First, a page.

MGM makes annual payment to Longmeadow

By Chris Maza

LONGMEADOW – Longmeadow Select Board Chair Marie Angelides joined officials from other local communities, MGM Springfield and the Massachusetts Gaming Commission for a presentation marking the annual mitigation payments under their respective surrounding community agreements.

As part of Massachusetts gaming legislation, MGM Springfield required to negotiate these monetary agreements to offset costs associated with mitigating adverse impacts of the $900 million development in the city of Springfield’s South End neighborhood. In total, MGM doled out nearly $1.8 million to eight communities, including $281,875 to Longmeadow.

MGM Springfield presented nearly $1.8 million in mitigation funding.
(Photo by Chris Maza)

That figure represents one of the largest of the annual payments among the eight communities, which also include West Springfield ($475,000) Agawam ($200,000), Chicopee ($200,000), East Longmeadow ($175,000), Ludlow ($175,000), Wilbraham ($175,000) and Holyoke ($115,000).

“With the gaming statute, we really wanted to make sure that not only the host community had an agreement but also the surrounding communities that didn’t know what would expect from the presence of a large casino and that the agreements that were in place would work,” Massachusetts Gaming Commissioner Bruce Stebbins said. “We’re just happy that the lines of communications stayed open between our licensees, the host communities and us.”

Select Board Chair Marie Angelides chats with East Longmeadow Interim Town Manager Mary McNally in MGM Springfield’s VIP Lounge.
(Photo by Chris Maza)

Longmeadow’s agreement was the result of a lengthy process that included arbitration, through which the town was successful in securing a total of $4.4 million, including an $850,000 up-front payment as well $275,000 in annual mitigation payments with a 2.5% inflation escalator. The agreement is valid through the end of MGM Springfield’s initial gaming license.

MGM’s best and final offer to Longmeadow totaled $1.6 million.

During the presentation, Seth Stratton, vice president and general counsel for MGM Springfield, noted that Angelides was a voice of reason during what he described as some contentious negotiations.

“It was not an easy process, but I’m glad we stuck it out,” Angelides said.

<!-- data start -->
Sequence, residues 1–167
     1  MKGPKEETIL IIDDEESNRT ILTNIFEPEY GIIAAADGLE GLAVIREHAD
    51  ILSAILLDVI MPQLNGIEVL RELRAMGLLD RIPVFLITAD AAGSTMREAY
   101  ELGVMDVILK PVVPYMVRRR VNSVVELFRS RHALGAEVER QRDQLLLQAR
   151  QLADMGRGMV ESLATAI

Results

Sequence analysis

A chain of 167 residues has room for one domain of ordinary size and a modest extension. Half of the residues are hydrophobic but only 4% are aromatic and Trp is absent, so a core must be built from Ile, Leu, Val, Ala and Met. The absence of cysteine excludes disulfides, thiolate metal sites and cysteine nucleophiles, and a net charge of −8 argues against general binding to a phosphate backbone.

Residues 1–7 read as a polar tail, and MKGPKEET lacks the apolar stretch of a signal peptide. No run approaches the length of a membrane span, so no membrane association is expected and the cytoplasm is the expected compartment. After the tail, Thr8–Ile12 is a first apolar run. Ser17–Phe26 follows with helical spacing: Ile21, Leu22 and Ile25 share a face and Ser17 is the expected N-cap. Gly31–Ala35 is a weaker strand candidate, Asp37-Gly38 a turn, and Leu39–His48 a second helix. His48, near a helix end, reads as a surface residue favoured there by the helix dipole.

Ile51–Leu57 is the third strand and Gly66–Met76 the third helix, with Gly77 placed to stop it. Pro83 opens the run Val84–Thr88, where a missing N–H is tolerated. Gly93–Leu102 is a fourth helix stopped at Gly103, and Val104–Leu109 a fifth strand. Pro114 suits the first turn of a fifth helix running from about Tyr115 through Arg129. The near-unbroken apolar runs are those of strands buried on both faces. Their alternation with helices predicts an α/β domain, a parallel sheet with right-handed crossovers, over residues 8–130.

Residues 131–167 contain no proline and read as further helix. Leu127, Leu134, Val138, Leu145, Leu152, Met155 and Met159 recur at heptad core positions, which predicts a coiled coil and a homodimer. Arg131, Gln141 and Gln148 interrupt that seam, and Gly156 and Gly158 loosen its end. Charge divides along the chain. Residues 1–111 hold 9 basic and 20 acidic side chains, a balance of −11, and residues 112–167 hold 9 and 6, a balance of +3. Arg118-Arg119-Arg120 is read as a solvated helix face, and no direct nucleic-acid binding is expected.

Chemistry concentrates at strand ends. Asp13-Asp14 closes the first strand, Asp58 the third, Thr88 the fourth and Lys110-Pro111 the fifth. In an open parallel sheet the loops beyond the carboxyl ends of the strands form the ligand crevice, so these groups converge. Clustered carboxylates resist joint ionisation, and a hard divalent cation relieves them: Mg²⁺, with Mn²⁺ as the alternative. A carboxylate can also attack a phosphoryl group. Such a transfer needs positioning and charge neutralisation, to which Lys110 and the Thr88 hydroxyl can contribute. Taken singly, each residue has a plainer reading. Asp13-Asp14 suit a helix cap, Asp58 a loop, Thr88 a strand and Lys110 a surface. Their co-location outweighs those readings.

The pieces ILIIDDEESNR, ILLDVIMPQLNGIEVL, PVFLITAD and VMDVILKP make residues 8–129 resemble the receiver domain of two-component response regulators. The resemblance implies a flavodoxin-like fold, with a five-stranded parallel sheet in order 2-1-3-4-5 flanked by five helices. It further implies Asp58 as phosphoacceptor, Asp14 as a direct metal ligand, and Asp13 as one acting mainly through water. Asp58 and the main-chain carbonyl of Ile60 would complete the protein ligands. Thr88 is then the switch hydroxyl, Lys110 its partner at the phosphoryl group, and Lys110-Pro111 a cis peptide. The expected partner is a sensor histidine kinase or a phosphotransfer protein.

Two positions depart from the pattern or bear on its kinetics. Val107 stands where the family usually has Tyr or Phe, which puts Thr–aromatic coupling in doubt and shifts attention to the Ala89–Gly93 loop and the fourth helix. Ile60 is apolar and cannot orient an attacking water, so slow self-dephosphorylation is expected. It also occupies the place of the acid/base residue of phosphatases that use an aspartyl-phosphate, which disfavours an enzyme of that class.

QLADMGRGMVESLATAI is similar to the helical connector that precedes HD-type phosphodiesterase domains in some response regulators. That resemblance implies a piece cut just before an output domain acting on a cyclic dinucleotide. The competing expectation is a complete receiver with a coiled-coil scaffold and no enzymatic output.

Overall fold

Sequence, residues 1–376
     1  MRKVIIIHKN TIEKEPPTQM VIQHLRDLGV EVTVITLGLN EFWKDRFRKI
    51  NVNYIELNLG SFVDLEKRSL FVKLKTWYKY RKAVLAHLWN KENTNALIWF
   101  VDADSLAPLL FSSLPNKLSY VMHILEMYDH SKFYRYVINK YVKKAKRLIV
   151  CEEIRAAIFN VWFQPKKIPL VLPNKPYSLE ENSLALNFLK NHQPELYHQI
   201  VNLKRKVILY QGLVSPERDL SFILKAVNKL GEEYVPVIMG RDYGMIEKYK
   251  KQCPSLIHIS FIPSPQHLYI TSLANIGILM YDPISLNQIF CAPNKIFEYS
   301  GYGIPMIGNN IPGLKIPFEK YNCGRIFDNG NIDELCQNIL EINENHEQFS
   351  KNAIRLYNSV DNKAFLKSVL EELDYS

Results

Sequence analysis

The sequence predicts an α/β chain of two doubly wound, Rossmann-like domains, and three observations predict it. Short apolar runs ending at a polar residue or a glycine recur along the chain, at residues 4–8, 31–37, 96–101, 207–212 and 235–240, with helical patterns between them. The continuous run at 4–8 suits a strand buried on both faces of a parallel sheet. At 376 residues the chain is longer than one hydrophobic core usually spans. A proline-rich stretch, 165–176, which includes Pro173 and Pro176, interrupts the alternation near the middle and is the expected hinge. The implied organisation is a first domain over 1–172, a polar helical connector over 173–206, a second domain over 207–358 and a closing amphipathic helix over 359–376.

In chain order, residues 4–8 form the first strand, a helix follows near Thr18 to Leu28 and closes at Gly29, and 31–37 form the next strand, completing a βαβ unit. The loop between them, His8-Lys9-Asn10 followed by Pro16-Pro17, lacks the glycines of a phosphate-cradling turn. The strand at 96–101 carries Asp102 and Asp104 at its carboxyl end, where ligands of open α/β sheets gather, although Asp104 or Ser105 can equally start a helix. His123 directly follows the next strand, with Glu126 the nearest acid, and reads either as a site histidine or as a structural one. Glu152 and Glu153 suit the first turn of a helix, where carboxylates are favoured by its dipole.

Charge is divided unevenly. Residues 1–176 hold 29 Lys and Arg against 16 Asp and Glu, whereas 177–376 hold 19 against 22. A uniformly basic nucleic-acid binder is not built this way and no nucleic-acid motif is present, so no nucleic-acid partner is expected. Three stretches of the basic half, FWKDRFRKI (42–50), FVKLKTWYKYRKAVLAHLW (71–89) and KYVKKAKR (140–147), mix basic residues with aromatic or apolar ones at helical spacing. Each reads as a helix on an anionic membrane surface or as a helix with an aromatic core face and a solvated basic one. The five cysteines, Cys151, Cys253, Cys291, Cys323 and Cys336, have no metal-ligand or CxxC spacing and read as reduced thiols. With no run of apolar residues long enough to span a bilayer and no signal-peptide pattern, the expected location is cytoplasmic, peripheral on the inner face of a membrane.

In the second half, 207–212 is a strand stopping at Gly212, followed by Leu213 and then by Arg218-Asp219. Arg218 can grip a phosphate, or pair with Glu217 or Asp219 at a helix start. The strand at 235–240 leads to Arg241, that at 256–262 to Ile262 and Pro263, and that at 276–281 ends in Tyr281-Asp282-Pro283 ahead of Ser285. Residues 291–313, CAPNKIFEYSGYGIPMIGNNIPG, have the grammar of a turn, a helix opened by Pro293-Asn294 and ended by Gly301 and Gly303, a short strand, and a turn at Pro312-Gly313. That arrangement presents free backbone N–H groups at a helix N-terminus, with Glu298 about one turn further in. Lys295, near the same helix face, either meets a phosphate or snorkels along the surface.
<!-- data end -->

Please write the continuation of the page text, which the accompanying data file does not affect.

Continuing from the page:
The primary purpose for the funding Longmeadow officials fought for was improvements to Longmeadow Street and the adjustment of signaled intersections such as Longmeadow Street, Forest Glen Road and Western Drive; Longmeadow and Converse streets and Englewood Road. Angelides told the Longmeadow News that the design for this project “began the day after arbitration” and continues to evolve. She explained the town is currently working on incorporating the road work into the Pioneer Valley Planning Commission’s Pioneer Valley Transportation Improvement Program. Some money was also rolled to the Fire Department to address public safety concerns.

“The costs of the Longmeadow Street [improvements] are going to be very, very expensive. Converse [Street] was $5 million and you can imagine how much Longmeadow Street is going to be,” Angelides said. “The focus has been on Longmeadow Street because of the traffic issues that we frequently get. Longmeadow Street is not a state road; it’s a Longmeadow Road and the town is responsible, ultimately, for the cost of that road.”

When asked if the town has seen any increase in adverse traffic conditions due to the casino, Angelides said, “It’s hard to tell because whenever there’s a problem on [Interstate] 91 everyone comes over and it’s a nightmare. It’s also dangerous because once you’ve blocked up that main artery and 91 is down, that’s a big issue. We need to get all of those lights coordinated in case of emergencies as well as for enjoyment of life in Longmeadow.”

Angelides added that because Longmeadow is now a Complete Streets community, there are bike lane and sidewalk improvements that need to occur.

Stratton said while there were contentious portions of the process, negotiations helped the company gain an understanding of various communities’ priorities.

“I think the Gaming Commission and the Legislature had some good foresight in putting this unique process into place,” he said. “It was frustrating at times. When you’re excited to try to get this license and there’s a lot to do and to negotiate complex agreements with a number of surrounding communities on top of everything else you had to do, it was certainly a hurdle. But it really set up, I think, good relationships and good dialogue early to think proactively on what the issues might be.”

The surrounding community agreement also includes “look back” studies, which were required to begin within 15 months of the casino opening. MGM Springfield celebrated its one-year anniversary at the end of August and Stratton said the studies are underway now.

Baseline studies were performed shortly before the facility opened and will be used to determine if there were any unforeseen issues or measurable differences between anticipated impacts and reality. While there is no set timeline for the completion of those studies, Stratton anticipated it would be after the new year.

“I think that gives some comfort to the communities,” Stratton said of the look back studies. “I think that being in place has helped create that dialogue because they know we’re always going to be looking at it and will be a willing participant in the conversation.”